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Tea (Black and Green)
Latin Name:

Camellia sinensis

Family:

Theaceae

Introduction

The tea plant is a small, variable, evergreen shrub with white flowers that is native to mountainous regions of China, Japan, and India.1  It is cultivated around the world in countries with tropical and subtropical climates.2  The plant can grow to 30 feet, but usually is pruned to 2 to 3 feet.3  The young leaves and the dried leaf bud are used and are considered to have a better quality than older leaves.3  

History and Cultural Significance

Tea is believed to have originated with the Buddha. While meditating, Buddha fell asleep, and upon awakening, he cut off his eyelids in disgust. Tea plants grew from where his eyelids landed, so that he could give the gift of awareness to his disciples.1  

Modern Research

Tea is used extensively in the traditional medicine systems of China, Hong Kong, Japan, and Korea.4  In China, the use of tea as a beverage dates back to 2700 BCE.4  Next to water, tea is the most widely consumed beverage in the world. The Chinese have a ritual tea drinking ceremony which started during the Sung Dynasty.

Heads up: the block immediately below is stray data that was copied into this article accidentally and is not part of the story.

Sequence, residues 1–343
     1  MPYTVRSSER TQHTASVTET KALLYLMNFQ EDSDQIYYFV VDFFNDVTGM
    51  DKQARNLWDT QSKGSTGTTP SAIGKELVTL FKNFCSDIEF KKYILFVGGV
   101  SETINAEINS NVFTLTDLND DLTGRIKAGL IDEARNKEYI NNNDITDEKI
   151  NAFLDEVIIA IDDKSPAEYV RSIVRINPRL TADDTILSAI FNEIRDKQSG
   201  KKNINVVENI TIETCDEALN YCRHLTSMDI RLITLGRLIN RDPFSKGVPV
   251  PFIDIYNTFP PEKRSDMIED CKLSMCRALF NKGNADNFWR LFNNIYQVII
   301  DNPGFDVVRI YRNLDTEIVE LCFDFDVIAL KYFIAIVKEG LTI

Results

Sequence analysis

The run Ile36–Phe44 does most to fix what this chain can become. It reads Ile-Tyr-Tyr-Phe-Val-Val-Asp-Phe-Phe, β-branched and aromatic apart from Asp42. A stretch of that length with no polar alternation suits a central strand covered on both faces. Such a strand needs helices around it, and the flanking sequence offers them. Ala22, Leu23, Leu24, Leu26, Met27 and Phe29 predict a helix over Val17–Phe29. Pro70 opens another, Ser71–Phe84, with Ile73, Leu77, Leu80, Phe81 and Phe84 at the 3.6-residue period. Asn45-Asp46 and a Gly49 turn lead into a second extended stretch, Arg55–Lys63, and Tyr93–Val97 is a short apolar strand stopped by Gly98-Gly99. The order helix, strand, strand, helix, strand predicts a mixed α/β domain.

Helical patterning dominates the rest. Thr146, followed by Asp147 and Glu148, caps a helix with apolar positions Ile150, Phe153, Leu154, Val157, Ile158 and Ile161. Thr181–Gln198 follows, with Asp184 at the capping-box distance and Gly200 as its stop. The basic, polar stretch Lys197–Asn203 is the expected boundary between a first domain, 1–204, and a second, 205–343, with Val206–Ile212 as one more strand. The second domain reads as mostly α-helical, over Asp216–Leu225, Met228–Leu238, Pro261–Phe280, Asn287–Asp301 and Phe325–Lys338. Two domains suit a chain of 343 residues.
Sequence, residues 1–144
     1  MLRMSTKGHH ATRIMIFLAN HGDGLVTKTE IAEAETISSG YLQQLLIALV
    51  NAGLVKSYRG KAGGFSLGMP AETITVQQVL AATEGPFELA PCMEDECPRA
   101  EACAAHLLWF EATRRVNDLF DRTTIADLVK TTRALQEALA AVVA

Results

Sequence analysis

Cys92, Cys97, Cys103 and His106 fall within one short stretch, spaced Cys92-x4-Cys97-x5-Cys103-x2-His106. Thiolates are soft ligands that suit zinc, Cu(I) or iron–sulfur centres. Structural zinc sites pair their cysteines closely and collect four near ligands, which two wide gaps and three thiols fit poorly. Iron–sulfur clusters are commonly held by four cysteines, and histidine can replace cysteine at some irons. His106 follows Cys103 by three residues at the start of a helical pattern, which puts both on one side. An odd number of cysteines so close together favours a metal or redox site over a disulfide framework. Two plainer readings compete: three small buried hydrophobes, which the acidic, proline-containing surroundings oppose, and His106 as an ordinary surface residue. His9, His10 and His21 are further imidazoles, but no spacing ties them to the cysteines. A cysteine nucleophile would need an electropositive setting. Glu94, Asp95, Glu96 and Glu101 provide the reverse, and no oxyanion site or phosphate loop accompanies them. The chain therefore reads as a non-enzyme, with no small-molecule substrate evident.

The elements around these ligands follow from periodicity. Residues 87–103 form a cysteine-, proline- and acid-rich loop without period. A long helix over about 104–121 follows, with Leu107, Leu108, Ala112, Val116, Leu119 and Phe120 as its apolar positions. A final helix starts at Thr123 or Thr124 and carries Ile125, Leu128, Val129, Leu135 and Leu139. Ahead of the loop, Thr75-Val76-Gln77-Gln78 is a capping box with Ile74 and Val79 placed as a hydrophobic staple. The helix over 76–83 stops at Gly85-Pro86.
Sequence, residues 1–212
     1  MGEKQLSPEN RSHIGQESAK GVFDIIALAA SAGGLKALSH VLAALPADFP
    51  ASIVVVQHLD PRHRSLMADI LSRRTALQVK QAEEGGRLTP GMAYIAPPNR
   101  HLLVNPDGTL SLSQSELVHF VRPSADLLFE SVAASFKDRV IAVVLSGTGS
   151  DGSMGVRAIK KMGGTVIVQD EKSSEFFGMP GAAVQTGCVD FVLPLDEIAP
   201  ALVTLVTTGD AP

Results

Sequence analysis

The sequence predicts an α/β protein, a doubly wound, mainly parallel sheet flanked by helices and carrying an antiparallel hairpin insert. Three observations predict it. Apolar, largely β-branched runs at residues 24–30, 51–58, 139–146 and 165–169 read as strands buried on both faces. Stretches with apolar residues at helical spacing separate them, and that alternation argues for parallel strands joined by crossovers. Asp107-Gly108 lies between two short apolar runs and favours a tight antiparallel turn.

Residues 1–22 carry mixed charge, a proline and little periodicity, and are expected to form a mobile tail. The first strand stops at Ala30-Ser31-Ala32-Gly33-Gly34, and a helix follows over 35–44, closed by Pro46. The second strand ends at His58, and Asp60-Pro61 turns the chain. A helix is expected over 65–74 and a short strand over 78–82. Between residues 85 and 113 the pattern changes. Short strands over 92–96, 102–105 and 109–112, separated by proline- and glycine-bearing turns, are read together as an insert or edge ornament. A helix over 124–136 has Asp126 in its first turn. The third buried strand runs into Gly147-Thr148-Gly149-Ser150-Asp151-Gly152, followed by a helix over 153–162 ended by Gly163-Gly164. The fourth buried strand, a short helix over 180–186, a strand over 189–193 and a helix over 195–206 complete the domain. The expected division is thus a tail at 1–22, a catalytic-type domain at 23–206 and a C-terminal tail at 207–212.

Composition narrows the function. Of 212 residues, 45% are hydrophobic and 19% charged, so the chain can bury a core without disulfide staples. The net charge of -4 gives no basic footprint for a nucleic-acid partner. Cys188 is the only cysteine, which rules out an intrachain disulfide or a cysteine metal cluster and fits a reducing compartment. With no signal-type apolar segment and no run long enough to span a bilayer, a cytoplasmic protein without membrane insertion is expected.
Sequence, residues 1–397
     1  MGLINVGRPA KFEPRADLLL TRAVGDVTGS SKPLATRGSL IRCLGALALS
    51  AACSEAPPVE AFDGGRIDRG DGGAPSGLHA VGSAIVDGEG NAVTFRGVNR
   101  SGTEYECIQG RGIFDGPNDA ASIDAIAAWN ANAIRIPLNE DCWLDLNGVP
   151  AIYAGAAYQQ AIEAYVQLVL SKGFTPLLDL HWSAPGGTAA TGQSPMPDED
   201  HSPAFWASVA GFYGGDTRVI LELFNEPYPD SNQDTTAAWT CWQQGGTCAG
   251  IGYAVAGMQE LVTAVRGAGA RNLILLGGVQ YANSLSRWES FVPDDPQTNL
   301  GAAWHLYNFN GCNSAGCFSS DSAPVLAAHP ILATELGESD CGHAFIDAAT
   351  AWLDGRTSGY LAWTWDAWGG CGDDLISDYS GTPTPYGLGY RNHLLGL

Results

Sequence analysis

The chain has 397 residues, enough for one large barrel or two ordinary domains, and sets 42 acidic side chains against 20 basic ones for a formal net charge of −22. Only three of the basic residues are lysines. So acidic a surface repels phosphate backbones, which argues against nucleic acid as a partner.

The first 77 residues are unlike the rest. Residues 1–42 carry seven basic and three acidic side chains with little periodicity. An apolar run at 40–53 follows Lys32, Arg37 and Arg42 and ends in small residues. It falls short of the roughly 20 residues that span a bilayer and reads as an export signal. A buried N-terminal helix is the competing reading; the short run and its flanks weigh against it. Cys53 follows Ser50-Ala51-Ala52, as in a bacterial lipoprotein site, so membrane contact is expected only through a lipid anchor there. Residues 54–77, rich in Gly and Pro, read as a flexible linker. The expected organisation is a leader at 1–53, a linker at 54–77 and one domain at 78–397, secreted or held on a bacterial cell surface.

Future Outlook

Traditionally, tea was rarely used as a medicine except as a stimulant, astringent (drying agent), and in infusions (teas) to relieve headaches.5  

References

1  Bown D, Encyclopedia of Herbs and Their Uses. London: Dorling Kindersley Ltd; 2001.

2  Roberts JE, Tyler VE. Tyler’s Herbs of Choice, 2nd ed. New York: The Haworth Herbal Press; 2000.

3  Leung AY, Foster S. Encyclopedia of Common Natural Ingredients. 2nd ed. New York: Wiley & Sons; 1996.

4  Blumenthal M, Hall T, Goldberg A, Kunz T, Dinda K, Brinckmann J, et al, editors. The ABC Clinical Guide to Herbs. Austin, TX: American Botanical Council; 2003.

5  Grieve M. A Modern Herbal. Vol II. New York: Dover Publications; 1971.

6  Henson S. Green tea and cancer care. HerbClip. June 15, 2004 (No. 020141-258) Austin, TX: American Botanical Council. Green tea catechins and L-theanine in integrative cancer care by Huber L. Alternative and Complementary Therapies. December 2003:294-298.

7  The health benefits of tea. HerbalGram. 1996; No. 37:38.

8  Aims of World Green Tea Association. Available at: http://www.o-cha.net/english/association/index.html. Accessed March 20, 2005.